Current EV push appears to ride on nickel-less battery instead
Indonesia rolled out an electric vehicle (EV) incentive program this month for 250,000 two-wheelers (2Ws) and 35,900 four-wheelers (4Ws) in 2023. Various rationales from reducing imported fuel consumption to lowering emissions were outlined by the government, not least the leveraging of Indonesia’s prized nickel resources.
Why the urgency for EV incentives now? The most likely answer is to attract two major 4W EV automakers to invest in Indonesia: BYD and Tesla. The 2W incentive is probably driven by separate factors, including attempts to accommodate distributive justice concerns and reduce fuel subsidy. The program is expected to send shock waves through current auto players by displaying the government’s commitment to diverge from the business-as-usual trajectory.
What is happening in the region? Southeast Asian (SEA) countries are vying for EV automakers’ investments in response to the global rise of electric vehicles. Indonesia is in close competition with Thailand, the regional leader in auto production. South Korea’s Hyundai and Wuling of China have established a presence in Indonesia, while leading Chinese EV maker BYD this month began construction of its first SEA factory in Thailand. The Philippines and Vietnam have also shown interest; as a nickel producer, the former is second only to Indonesia worldwide, albeit slightly disadvantaged by its higher cost of electricity. With each country introducing its own EV incentives, the competition in SEA is tightening.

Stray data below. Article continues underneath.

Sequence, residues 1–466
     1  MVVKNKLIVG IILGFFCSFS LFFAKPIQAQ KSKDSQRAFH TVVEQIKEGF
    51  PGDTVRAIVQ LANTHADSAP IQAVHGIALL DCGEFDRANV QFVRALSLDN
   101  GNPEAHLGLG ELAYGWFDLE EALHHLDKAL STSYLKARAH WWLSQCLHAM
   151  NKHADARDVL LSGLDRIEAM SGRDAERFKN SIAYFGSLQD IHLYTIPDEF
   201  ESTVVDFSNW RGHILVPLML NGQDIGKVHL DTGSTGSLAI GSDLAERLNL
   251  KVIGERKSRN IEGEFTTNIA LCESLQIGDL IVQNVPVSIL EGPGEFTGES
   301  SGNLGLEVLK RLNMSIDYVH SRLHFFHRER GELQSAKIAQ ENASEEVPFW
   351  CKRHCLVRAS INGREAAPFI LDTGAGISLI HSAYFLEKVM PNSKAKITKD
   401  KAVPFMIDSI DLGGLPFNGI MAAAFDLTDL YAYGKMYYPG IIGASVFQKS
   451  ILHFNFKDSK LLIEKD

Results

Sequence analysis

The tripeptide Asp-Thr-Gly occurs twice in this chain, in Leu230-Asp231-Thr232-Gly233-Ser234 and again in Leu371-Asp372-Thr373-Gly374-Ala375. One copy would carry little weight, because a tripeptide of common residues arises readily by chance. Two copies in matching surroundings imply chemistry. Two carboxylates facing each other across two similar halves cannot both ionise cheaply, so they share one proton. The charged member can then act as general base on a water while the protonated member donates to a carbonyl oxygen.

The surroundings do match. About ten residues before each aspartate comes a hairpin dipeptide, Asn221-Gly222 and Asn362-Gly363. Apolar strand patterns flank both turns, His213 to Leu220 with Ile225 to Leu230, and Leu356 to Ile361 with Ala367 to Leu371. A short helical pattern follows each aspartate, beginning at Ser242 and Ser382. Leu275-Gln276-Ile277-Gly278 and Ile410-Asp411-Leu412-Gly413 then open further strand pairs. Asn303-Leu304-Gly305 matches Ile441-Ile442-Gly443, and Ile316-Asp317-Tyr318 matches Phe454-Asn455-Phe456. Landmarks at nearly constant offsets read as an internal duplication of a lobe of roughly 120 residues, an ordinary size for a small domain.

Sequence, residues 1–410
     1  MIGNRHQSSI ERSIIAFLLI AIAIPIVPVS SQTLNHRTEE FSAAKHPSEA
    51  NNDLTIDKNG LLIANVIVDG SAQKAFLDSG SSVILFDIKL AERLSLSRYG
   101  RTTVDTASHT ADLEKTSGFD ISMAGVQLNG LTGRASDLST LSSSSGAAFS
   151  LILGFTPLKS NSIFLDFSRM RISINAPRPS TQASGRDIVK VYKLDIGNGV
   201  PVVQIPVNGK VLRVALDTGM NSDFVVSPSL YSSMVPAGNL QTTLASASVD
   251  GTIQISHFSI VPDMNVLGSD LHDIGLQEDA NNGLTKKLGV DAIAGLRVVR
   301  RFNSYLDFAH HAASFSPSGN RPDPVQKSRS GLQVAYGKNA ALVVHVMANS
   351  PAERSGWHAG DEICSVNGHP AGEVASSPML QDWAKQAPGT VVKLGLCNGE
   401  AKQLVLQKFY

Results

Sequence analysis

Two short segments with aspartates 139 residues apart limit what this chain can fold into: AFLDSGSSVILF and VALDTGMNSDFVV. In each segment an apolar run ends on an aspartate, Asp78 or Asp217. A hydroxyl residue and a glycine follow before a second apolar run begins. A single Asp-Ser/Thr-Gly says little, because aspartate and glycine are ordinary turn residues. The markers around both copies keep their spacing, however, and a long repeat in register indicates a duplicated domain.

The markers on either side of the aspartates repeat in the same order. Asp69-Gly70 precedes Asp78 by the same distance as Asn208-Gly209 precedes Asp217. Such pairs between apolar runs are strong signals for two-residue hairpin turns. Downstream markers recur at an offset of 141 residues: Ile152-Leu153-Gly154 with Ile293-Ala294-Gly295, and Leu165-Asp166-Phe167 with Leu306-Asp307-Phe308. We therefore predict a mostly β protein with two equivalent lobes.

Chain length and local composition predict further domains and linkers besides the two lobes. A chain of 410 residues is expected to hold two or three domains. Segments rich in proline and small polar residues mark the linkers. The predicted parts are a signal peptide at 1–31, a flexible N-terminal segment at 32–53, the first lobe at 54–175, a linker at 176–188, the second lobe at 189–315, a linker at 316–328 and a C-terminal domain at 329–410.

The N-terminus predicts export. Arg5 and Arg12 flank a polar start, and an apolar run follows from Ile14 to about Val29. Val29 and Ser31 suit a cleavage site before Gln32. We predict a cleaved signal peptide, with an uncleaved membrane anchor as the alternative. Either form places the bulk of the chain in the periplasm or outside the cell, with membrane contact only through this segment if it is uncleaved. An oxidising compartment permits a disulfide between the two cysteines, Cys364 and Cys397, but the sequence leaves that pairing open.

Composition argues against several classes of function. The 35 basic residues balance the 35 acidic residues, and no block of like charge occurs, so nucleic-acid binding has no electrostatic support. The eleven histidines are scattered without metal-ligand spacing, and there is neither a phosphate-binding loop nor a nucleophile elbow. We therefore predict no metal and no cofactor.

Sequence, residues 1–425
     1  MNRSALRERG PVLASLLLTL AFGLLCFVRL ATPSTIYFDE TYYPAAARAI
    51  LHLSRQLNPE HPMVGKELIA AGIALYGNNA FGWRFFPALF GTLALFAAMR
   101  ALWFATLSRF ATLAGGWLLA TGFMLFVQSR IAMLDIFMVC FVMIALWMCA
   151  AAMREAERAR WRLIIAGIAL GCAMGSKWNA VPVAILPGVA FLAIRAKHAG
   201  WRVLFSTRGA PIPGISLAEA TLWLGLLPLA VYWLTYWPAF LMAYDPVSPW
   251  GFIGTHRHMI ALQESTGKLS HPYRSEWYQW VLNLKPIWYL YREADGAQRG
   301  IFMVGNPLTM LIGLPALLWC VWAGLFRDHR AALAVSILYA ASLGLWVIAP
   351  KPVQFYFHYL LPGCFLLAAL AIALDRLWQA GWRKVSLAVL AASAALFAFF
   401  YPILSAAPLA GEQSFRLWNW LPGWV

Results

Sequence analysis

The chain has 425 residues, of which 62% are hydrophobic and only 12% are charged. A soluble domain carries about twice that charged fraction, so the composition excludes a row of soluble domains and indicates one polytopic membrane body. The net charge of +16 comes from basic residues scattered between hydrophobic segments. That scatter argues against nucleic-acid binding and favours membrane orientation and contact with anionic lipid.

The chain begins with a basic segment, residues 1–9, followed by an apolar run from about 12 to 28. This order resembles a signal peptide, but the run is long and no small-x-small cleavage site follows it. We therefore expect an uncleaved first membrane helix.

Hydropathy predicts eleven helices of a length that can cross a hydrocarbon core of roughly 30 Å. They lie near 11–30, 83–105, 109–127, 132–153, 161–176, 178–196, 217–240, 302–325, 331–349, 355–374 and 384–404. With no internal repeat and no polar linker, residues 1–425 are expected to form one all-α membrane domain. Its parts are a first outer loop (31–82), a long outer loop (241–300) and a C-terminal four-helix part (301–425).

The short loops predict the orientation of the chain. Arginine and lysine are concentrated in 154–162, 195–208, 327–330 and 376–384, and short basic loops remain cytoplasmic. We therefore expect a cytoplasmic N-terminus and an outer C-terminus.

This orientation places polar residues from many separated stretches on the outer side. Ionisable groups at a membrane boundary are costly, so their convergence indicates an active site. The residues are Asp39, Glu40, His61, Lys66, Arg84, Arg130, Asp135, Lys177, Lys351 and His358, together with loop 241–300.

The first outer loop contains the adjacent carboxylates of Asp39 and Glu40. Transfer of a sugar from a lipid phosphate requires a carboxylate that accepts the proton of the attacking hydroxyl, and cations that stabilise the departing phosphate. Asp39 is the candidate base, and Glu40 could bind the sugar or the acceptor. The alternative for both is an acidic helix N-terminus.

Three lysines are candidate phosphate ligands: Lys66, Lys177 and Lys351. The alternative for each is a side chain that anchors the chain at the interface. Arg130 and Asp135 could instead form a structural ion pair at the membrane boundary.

How will Indonesia benefit from EV adoption? The country can reduce growing oil imports, cut life-cycle emissions from transport and deepen the nickel-battery-EV industry establishment. Fuel subsidy could decrease, depending on which types of vehicles will be displaced. Subsidy cuts are more likely for the 2W segment as 4W incentives are insufficient to persuade lower-end 4W consumers to switch to electrics. In recent years, domestic electric 2W setups have grown in numbers, though many still rely on imported high-value batteries.
Indonesia has so far attracted only two major 4W EV automakers, Hyundai and Wuling. Interestingly, the Wuling Air EV, which comprised three-quarters of EVs sold last year, uses an iron-based battery called lithium iron phospate (LFP), a lower-cost alternative with no nickel content. A similar trend will likely be observed in the 2W segment, where the cheaper LFP has the advantage in cost-sensitive markets. In Q1 2022, half of all new Tesla cars around the world used LFP, significantly in China.